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15Oct/12 09:46Off

G2G Revelations -The Camps

I have heard from various sources that the nightly camps on some of these stage races leave something to be desired. I had been mentally preparing myself for 7 nights of cramming into an overcrowded tent beside some back road, huddled alone in the dark with the odd trip outside to try to find somewhere to relieve myself. Tess, Colin, Terry, Dan and the fantastic camp volunteer crew ensured that I could not have been more wrong.


Camp 3 view

From the very first campsite perched on the North Rim of the Grand Canyon, it became obvious that the race directors had put as much thought into where the camps would be as they did to the actual route. The views were always different and always spectacular.

  • Camp 2 was in what I have dubbed the "scrub desert", but with the Kaibab National Forest plateau rising up on one side and a view to some of the ubiquitous red-pink cliffs on the other.
  • Camp 3 perched on a high point within the Kaibab Forest: the softest sand on Earth and Juniper trees and berries all around.
  • Camp 4 was nestled under Elephant Butte, with a stunning panoramic view of Zion National Park.
  • Camp 5 was soft sand again, nestled close to some fantastic sandstone cliffs.
  • Camp 6 was in a wide open grassy meadow with 360 views, including up to the Pink Cliffs where the racers would be finishing their adventure the next day.
  • Camp 7 was at the Marriot Hotel in Las Vegas. The views were underwhelming but the level of luxury more than made up for it.
  • A small gallery of camp photos is right HERE.

The tents supplied to us were large, heavy-duty canvas things that would comfortably hold 7-8 people and gear and, most importantly, were all tall enough to allow us to stand up comfortably. I'm sure the racers appreciated not having to crawl into and out of their tents every day. The volunteers and media had it even better, as our tents were supplied with electricity. Yup, each one had a compact fluorescent light and a power-bar for recharging batteries and laptops.

The social aspects of camp life were also taken care of, with the fire pits, the "cyber-tent", and the medical tent being favourite gathering places. The medical tent was large, well-lit, and equipped with chairs and cots for beat-up racers or lazy journalists. The fire pits were always set up with piles of firewood and would always have a circle of racers around them every morning and night, swapping stories, sharing advice, or just enjoying each others' company. The cyber tent was a large open tent with laptops and a sound system. The laptops were so racers could type up emails which the race volunteers would drive into Kanab every day to send off to loved ones the world over, returning with printouts of emails to racers from friends and family. It was like watching mail call on M*A*S*H and was a huge hit with the racers.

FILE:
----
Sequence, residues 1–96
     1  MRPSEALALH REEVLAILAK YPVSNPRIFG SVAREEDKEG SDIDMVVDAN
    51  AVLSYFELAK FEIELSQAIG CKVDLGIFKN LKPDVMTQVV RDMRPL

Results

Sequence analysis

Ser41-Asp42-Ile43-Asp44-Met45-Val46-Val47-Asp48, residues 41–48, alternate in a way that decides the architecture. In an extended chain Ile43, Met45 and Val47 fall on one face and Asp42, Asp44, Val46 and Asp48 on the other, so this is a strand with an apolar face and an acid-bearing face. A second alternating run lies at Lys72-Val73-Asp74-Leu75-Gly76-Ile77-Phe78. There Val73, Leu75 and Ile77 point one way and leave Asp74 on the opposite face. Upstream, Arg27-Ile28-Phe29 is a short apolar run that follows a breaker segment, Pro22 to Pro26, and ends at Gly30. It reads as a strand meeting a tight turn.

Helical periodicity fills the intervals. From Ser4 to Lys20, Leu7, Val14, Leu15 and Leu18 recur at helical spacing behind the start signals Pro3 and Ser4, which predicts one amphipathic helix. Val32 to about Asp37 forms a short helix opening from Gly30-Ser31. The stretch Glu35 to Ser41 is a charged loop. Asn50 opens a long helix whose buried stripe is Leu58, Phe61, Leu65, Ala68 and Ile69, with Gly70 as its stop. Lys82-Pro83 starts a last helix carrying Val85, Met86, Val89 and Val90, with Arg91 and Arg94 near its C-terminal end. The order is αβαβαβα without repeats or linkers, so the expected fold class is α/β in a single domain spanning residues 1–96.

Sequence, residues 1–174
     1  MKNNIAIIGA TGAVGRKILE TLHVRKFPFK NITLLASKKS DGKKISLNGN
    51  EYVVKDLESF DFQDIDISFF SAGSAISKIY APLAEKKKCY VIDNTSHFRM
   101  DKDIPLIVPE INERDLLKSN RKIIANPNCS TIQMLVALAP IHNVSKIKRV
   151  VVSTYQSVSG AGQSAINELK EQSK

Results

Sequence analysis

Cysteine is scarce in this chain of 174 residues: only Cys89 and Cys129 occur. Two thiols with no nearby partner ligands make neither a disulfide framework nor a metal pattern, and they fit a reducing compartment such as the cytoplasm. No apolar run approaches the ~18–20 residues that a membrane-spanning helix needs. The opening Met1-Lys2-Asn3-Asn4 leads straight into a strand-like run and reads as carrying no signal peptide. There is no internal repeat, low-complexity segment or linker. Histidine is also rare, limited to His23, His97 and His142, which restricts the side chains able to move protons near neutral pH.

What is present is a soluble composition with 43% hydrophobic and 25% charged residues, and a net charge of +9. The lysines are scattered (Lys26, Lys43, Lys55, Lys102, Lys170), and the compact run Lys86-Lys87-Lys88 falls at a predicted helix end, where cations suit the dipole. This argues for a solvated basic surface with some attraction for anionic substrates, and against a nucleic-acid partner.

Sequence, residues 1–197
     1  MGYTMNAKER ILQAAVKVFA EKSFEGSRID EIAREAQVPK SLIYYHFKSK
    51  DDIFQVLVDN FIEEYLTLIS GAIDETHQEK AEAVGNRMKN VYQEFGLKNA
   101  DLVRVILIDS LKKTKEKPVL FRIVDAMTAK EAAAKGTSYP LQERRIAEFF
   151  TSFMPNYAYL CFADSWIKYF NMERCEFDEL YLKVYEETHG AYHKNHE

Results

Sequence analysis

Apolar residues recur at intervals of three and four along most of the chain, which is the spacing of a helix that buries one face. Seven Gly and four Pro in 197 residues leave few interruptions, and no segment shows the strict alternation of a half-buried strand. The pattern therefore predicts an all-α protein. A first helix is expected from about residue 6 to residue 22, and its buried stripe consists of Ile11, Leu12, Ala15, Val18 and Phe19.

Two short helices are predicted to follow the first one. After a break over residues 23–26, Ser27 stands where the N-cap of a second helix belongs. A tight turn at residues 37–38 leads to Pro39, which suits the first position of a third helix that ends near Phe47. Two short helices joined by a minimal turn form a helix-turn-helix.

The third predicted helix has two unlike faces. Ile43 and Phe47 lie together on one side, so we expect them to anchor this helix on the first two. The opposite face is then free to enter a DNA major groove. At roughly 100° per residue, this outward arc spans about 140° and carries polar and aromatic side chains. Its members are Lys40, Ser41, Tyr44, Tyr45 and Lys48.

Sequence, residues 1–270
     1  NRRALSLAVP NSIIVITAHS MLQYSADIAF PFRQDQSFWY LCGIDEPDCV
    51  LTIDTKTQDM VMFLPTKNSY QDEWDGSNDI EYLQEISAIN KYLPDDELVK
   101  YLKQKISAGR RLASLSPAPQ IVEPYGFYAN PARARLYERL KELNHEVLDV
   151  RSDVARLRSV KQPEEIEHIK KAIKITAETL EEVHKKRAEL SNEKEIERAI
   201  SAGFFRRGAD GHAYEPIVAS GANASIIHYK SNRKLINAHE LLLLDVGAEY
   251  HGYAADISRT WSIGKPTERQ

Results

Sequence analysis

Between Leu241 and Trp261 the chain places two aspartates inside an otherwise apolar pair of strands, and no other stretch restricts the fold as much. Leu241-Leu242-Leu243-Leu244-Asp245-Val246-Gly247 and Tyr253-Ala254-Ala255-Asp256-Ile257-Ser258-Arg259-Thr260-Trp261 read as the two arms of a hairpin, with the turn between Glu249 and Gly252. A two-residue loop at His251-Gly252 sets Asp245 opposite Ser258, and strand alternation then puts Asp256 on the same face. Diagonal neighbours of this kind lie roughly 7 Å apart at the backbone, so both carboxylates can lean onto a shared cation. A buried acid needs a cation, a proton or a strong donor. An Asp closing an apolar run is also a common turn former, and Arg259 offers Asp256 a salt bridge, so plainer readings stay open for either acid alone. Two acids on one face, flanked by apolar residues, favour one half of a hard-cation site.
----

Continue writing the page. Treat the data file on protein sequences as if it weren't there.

The sound system was another brainchild of veteran camp director Dan. First off, it was used as a revelry every morning at 0600, awakening racers and volunteers alike with the dulcet tones of 80s hair-band rock. I'll have to dig out my old Def Lepperd tapes so I can relive the memories. There would also be funky tunes playing in the cyber-tent late into the evening, mixing with the sounds of racers chatting or snoring (seeing passed out racers sprawled across the floor of the tent was not uncommon).

Finally, and this will sound strange at first blush, I have to give a big shout-out to the port-a-potty supplier. Every camp had two rows of clean plastic luxury portable toilets. They started off the week clean and fresh smelling, and they stayed that way right through to the finish line. Speaking of which, having been driven over the roads leading up to the Pink Cliffs finish, I still cannot believe they managed to get 3 portable toilets up there. Brilliant.

Race directors out there take note: your racers will spend between 30-75 hours out on your course, but they will spend at least 60 hours in your campsites. The time and effort you take to ensure great camps is worth its weight in gold to your racers, staff, volunteers, and media. If you want some tips, contact the folks at Grand 2 Grand. They nailed it.

Peter Dobos Support Peter Dobos : Thanks for scrolling down, mate. Click through to see the various subscriptions for Breathe Magazine, and support my lavish lifestyle to boot. Cheers. :)

Comments (4) Trackbacks (0)
  1. Thank you, Peter. Incredibly hard work by many people dedicated to giving you a great place to come home to every night made it possible.

  2. Great article on the campsites! You nailed it perfectly. Top rate all the way. I can’t tell you how much we competitors appreciated all their planning and hard work they did to ensure a comfortable environment at camp.

    …AND, DJ Dan’s choice in energetic wake-up music always put a smile on our faces. Between ‘Pour Some Sugar on Me’ and “I Like to Move it,” they got us going!

  3. thanks for uploading very nice post

  4. Thanks!

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